Instructional Unit: Power Functions

By: Ashley Jones

This particular instructional unit is intended for first year Algebra students, and aligns with the MM1A1 standard. Many of the included exercises and activities are suggested to be used through Geometer's Sketchpad, Graphing Calculator, and Microsoft Word.

Objectives:

MM1A1. Students will explore and interpret the characteristics of functions, using
graphs, tables, and simple algebraic techniques.

a. Represent functions using function notation.
b. Graph the basic functions f(x) = x^n, where n = 1 to 3, f(x) = sqrt(x), f(x) = |x|,
and f(x) = 1/x.
c. Graph transformations of basic functions including vertical shifts, stretches,
and shrinks, as well as reflections across the x- and y-axes.
d. Investigate and explain the characteristics of a function: domain, range,
zeros, intercepts, intervals of increase and decrease, maximum and minimum
values, and end behavior.
e. Relate to a given context the characteristics of a function, and use graphs and
tables to investigate its behavior.
f. Recognize sequences as functions with domains that are whole numbers.
g. Explore rates of change, comparing constant rates of change (i.e., slope)
versus variable rates of change. Compare rates of change of linear, quadratic,
square root, and other function families.
h. Determine graphically and algebraically whether a function has symmetry
and whether it is even, odd, or neither.
i. Understand that any equation in x can be interpreted as the equation
f(x) = g(x), and interpret the solutions of the equation as the x-value(s) of the
intersection point(s) of the graphs of y = f(x) and y = g(x).

Day 1:

Start the power functions unit with a review lesson on linear functions, since f(x) = x is also considered a power function. Use the GSP file, linear functions (pages 1 and 2), to start the lesson. Hand out the 'Gas Prices' worksheet for an extended application problem on the topic.

Day 2:

Introduce the basic functions from part b of the objectives standard. First start with the Graphing Calculator file (click on the blue box) which illustrates three basic power functions with n ranging from 1 to 3, . Then, begin class discussion based on the GSP file 'Power Functions.'

Day 3:

Continue with power functions by discussing the concepts of domain/range, vertical shifts, stretches, compressions, and reflections. Use the GSP file, power functions (pages 3 through 8) and appropriate Graphing Calculator files (vert. shifts, vert. stretches/compressions, and horiz. stretches/compressions), to lead the lesson for the day.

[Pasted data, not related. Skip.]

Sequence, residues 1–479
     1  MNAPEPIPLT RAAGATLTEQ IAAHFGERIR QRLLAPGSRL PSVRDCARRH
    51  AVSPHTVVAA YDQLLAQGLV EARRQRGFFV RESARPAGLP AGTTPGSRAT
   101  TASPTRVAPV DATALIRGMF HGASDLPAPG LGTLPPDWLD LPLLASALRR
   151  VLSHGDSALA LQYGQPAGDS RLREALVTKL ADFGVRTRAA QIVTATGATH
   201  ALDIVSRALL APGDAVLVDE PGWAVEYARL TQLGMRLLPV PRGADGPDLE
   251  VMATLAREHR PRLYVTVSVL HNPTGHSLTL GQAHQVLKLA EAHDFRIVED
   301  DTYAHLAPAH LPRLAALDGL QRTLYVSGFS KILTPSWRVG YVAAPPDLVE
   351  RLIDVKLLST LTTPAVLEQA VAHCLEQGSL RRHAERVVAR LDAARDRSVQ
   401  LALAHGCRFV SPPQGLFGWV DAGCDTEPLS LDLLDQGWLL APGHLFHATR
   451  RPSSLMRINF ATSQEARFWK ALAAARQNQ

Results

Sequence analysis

Day 4:

This day of the unit will be used to quiz the students over the material examined in the first three days of the instructional unit. This quiz will incorporate an applied linear function problem, graphing of different power functions, and descriptions of shifts/stretches/compressions/reflections for given power function graphs. The quiz should take students around 25 minutes, leaving the rest of the class period (about 20 to 25 more minutes) to write a journal entry about power functions. In this journal entry I expect students to discuss what things they have learned so far that interest them and/or things they did not previously know, things from this unit of material that they feel like they are confused about still, and things about power functions they hope to learn during the remaining part of the unit. The rubric for the journal entry is in the Word document 'Journal Rubric.'

Day 5:

Introduce quadratic functions including vertex form of a quadratic function, how to find the vertex, intervals of increasing and decreasing, and maximum/minimum values. Use the GSP file, quadratic functions, to lead this lesson with the class.

Day 6:

Provide students with the definition and understanding of what is a solution of an equation. Introduce and work on the quadratic function. The support material for this lesson can be found on the GSP file quadratic functions.

Day 7:

Students will spend this day of the unit using TI-nspire to find the power function that best fits the different 'activities.' Each group of four students will be able to use the speed attachments to determine and discover on their own the appropriate best fit functions. Each group will be given a marble to roll across the table, a yo-yo, and a bouncey ball.

Day 8:

Students will be given an activity to work on in pairs where they are able to model the area of a base of a box, as well as work on finding the equations of area of the base, and volume of the box. Have students attempt the activity and come up with solution ideas for the first 10 minutes of class. Also, have students work in pairs to discuss the possible solutions from the applied problem. Found worked out on GSP file: Open Top Box

Day 9:

Review for the unit test.

Day 10:

Test the students' knowledge over the unit of power functions. This will include an assortment of testing questions including extended problems requiring the students to apply their knowledge about the material.

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